Abstract: This article considers whether shared devotion to the same deity in religious pilgrimage is conducive to solidarity across otherwise diverse social groups. It presents qualitative evidence from the author’s ethnographic fieldwork on a local manifestation of Hanuman at a temple in the village of Salasar in Rajasthan, India. Starting from the theoretical premise that pilgrimage has been central to the construction of nationwide Hinduism, the article argues that while pilgrimage can indeed intensify solidarity within preexisting groups, it may also exacerbate social divisions between them as they seek to perpetuate or contest unequal socioeconomic privileges in acts of devotion. In the case discussed here, the author identifies several distinct groups who revere the deity but approach devotion from decidedly community-conscious perspectives. The most elite devotional group comprises merchants from distant cities who trace ancestry to the region of the temple and receive privileged treatment there because of their generous donations. Brahmin priests collaborate in this arrangement for their own benefit, in taking commissions for conducting rituals in the god’s name to increase the merchants’ wealth. Meanwhile, a second group of Brahmins, from various other lineages, is denied the lucrative career of the priests, and so they devise other services for pilgrims that do not impinge on the priests’ prerogatives. And lastly, farmers and other non-merchants from the surrounding area have been attracted by the temple’s reputation for wealth creation, but remain deeply suspicious of both merchants and Brahmins because of negative past experiences with them. This balkanized devotional public thus plays out rival agendas of community interest as they share in the exultation of one deity. The article concludes that pilgrimage in a context where it is a group-mediated experience with unequal economic stakes is more likely to reinforce established social divisions than bridge them.
      PubDate: 2022-11-14
  • Virtual historical sense of place in multimedia web tourism: a case of
           Bang Lamphu

    • Authors: Thirathep Chonmaitree, Eakachat Joneurairatana, Pairoj Jamuni
      Pages: 648 - 662
      Abstract: In the normal world of tourism, Bang Lamphu is considered being a good historical location in Bangkok. It is rich in historical architecture, openness gastronomy, friendly people, and easy-going atmosphere. During and after the COVID-19 pandemic, tourism industry has changed dramatically to protect the virus from spreading. The interaction between tourist and attraction place, sense of place, has not happened. Digital media can deliver visual information to demonstrate attraction place. How digital media interact with tourists can create a sense of place along with the relationship developed during the new digital media exploration. Letting tourists explore the place through different media can determine the preferred media in triggering a sense of place in each tourist. The purpose of this study is to explore and find the appropriate media in representing sense of place for virtual tourism environment. Qualitative method with design thinking process has been used to develop this research. Developing different media is based on primary and secondary research with survey with photography and in-depth interview. Each type of media has its own production or process. It was found that different media triggered different ways for each tourist, in this case, expert in user interface and multimedia. Pondering at the storytelling way of delivering the historical story can stimulate tourists and elevate the memory of the related experience. From the historian's point of view, looking through the history in visual or video storytelling can be quite difficult to interpret without text information alongside. The conclusion of this research is that the amount of visual information consumes can be determined, based on each experience of the place without any further research of the place information. Therefore, the connection between place and tourist created toward the interpretation of visual information from each individual who experience it.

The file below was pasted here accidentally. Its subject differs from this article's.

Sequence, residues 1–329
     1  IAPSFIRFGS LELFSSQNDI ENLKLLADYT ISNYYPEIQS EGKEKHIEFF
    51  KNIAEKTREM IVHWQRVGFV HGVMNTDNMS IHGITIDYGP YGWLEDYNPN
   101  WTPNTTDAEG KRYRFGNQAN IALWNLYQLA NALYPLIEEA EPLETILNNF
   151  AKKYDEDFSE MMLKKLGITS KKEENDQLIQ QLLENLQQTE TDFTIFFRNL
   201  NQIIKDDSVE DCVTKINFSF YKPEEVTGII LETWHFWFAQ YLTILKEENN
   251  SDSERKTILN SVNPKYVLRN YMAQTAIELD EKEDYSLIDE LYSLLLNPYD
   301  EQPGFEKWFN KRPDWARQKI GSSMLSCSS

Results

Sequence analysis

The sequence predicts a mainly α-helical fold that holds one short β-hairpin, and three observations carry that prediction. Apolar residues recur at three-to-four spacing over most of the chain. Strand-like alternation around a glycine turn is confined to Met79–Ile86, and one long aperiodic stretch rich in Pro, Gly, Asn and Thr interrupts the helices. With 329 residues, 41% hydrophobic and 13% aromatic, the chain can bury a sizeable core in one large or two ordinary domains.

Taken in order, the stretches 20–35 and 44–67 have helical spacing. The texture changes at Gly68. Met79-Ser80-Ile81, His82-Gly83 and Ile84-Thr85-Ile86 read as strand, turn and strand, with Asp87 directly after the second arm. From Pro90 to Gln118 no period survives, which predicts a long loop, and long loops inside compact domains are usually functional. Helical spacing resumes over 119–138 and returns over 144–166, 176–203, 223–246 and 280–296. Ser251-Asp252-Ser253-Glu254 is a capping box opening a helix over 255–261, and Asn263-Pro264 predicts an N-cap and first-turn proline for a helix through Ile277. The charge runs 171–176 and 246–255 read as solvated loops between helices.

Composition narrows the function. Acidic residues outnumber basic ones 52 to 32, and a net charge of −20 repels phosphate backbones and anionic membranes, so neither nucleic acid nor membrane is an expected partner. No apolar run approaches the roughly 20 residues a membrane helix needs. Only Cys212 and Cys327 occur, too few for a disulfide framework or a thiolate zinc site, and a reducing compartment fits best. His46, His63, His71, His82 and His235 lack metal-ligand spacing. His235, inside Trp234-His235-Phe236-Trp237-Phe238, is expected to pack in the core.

PubDate: 2022-11-14
  • Reproductive rights of women in India with focus on tea plantation workers
           of Sonitpur District of Assam, India

    • Authors: Mridula Sarmah, Bhuban Chandra Barooah
      Pages: 663 - 672
      Abstract: Health is the pillar of all human activities and a crucial element of human happiness. Generally, reproductive health refers to the healthiness of reproductive systems of both males and females, during all life stages. Good reproductive health ensures that individuals will reproduce and have the liberty to determine whether to reproduce, when and how often to reproduce. In this regard, information and access to a practical, affordable, safe, and acceptable method of contraception and the right to standard healthcare services that enable safe pregnancy and childbirth are essential. Women's reproductive health encompasses numerous human rights viz. the right to health, the right to education, the right to privacy, the right to be free from torture, and the prohibition of discrimination. This paper highlights women's reproductive rights under the ambit of the Indian Constitution, legislative provisions, and various National and State policies. The paper further throws light on the current status of availing safeguards envisaged by these provisions by a particular section of the population, viz. tea garden workers. The study area pertains to some of the Tea Estates in the Sonitpur District of Assam, India. The study depicts the status of reproductive health of women in the study area. It is observed that the health status of these women presents a bleak picture. The paper suggests remedial measures to bring the status of the study area to an acceptable level.
      PubDate: 2022-11-14
School of Mathematical and Computer Sciences
Heriot-Watt University
Edinburgh, EH14 4AS, UK
Tel: +00 44 (0)131 4513762

Your IP address:
Home (Search)
About JournalTOCs
News (blog, publications)
JournalTOCs on Twitter   JournalTOCs on Facebook

JournalTOCs © 2009-